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Tuesday, 10 October, 2000, 13:13 GMT 14:13 UK
Russian and Americans share hi-tech Nobel
This year's Nobel Prize for Physics has gone to three scientists who have made fundamental contributions to information technology.
Russia's Zhores Alferov and US researchers Herbert Kroemer and Jack Kilby were cited for work that paved the way for computers, CD players, satellite links and mobile telephones.
Kilby, of Texas Instruments in Dallas, showed how it was possible to combine large numbers of electronic components on to a single slice of silicon. This was the first integrated circuit, the precursor of devices like the Pentium chip in today's computers.
Alferov, of the AF Ioffe Physico-Technical Institute in St Petersburg, and Kroemer, of the University of California at Santa Barbara, contributed to more recent developments in electronics, creating subtle structures inside silicon crystals that have led to much faster and more powerful applications.
The prize is worth $915,000. Kilby will get one half; Alferov and Kroemer will share the other half.
"Without Kilby, it would not have been possible to build the personal computers we have today," Grimmeiss said, "and without Alferov, it would not be possible to transfer all the information from satellites down to the Earth or to have so many telephone lines between cities."
It was Kroemer who pioneered a radical new kind of transistor called a heterotransistor, which could handle much higher frequencies than its predecessors and went on to revolutionise satellite communications and mobile telephones.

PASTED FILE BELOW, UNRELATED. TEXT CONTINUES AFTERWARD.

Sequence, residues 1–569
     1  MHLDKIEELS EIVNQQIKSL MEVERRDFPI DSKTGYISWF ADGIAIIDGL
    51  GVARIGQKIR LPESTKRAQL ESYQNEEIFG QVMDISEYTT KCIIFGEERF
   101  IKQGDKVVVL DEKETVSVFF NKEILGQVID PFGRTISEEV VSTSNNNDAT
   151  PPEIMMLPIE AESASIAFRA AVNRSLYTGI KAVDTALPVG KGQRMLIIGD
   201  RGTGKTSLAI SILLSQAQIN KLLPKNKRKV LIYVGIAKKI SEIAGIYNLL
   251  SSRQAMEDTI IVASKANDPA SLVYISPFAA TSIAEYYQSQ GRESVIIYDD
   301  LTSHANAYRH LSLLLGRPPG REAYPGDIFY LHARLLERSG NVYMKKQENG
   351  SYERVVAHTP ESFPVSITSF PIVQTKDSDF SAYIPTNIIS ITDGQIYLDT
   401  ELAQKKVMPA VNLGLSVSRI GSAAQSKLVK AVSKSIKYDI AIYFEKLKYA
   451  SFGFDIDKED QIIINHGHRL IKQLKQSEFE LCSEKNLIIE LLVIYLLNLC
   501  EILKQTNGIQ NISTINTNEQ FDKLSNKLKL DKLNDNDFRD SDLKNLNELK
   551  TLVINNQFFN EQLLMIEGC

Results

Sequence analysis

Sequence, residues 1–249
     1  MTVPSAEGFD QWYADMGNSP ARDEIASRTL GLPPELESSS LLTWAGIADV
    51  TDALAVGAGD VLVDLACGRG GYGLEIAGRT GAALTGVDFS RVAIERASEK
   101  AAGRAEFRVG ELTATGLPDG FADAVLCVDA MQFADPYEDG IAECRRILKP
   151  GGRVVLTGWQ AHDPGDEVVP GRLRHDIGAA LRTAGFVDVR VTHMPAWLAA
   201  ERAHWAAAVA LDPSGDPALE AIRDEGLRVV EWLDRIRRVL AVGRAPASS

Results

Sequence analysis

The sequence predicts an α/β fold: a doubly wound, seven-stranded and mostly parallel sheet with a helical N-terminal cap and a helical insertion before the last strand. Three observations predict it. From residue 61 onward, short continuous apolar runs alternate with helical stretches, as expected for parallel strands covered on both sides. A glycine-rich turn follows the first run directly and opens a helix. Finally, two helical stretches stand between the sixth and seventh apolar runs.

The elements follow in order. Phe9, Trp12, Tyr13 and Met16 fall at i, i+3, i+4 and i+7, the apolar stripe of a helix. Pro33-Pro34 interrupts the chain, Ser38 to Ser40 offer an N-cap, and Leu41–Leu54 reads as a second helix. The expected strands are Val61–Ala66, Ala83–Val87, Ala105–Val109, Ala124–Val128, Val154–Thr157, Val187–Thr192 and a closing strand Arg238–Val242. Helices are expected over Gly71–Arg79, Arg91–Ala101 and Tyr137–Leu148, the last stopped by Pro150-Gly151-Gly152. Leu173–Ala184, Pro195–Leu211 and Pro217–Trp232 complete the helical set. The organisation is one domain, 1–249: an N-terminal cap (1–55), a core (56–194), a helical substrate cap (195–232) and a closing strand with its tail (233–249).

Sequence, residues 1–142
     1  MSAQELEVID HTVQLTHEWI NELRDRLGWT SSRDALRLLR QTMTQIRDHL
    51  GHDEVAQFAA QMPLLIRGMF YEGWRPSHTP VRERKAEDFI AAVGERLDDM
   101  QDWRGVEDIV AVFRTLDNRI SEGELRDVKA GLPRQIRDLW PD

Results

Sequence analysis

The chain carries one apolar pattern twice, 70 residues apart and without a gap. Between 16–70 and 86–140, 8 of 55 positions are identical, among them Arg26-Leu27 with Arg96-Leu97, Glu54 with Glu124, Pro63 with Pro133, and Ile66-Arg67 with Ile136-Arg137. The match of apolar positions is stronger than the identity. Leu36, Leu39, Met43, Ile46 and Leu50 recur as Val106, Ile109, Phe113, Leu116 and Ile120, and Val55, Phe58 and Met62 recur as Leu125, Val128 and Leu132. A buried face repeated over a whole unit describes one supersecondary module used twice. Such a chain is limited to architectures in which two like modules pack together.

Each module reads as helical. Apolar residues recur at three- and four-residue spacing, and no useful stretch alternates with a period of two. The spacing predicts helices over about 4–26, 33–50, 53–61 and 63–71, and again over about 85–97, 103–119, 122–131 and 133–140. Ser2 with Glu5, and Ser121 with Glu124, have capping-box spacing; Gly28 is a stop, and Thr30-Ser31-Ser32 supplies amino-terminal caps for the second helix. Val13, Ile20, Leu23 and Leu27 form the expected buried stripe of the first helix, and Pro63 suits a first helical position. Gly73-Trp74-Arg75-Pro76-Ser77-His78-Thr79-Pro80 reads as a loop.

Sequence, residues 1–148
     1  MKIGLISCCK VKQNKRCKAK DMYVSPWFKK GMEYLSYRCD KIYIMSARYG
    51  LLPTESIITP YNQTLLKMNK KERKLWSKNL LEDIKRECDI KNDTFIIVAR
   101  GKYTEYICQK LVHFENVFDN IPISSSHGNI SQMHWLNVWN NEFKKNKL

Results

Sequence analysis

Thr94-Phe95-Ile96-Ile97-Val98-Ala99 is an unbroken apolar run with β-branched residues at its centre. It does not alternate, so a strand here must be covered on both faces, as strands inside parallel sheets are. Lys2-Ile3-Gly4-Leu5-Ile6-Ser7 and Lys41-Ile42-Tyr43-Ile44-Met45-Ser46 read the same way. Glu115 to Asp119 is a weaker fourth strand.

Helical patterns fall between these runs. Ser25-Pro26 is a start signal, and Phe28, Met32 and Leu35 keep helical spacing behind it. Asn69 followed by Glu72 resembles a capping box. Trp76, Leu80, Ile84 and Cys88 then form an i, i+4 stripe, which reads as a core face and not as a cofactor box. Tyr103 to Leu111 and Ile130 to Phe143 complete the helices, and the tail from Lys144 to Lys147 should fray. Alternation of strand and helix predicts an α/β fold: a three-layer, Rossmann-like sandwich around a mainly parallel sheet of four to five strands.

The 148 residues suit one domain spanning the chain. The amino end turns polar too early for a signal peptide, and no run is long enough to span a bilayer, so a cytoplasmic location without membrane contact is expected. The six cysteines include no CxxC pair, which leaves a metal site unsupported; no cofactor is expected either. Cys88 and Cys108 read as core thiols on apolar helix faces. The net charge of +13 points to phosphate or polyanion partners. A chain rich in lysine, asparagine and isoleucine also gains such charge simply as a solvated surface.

German-born Kroemer and Alferov later, independently, came up with the idea of using the technology to fire laser light. That breakthrough was key to fibre optics, CD players, bar-code readers and the light-emitting diodes used in modern car brake lights.
Kilby conceived and built the first electronic circuit in which all of the components, both active and passive, were fabricated in a single piece of semiconductor material half the size of a paper clip.
The successful laboratory demonstration of his first simple microchip on 12 September, 1958, made history.
The Swedish academy said that through the invention, microelectronics had grown to become the basis of all modern technology.
"Examples are powerful computers and processors, which collect and process data and control everything from washing machines and cars to space probes and medical diagnostic equipment."
The scientists will receive their prize from the King of Sweden at an official ceremony in Stockholm on 10 December.
The date is the anniversary of the death in 1896 of the Nobel Prizes' creator, Swedish scholar and inventor Alfred Nobel.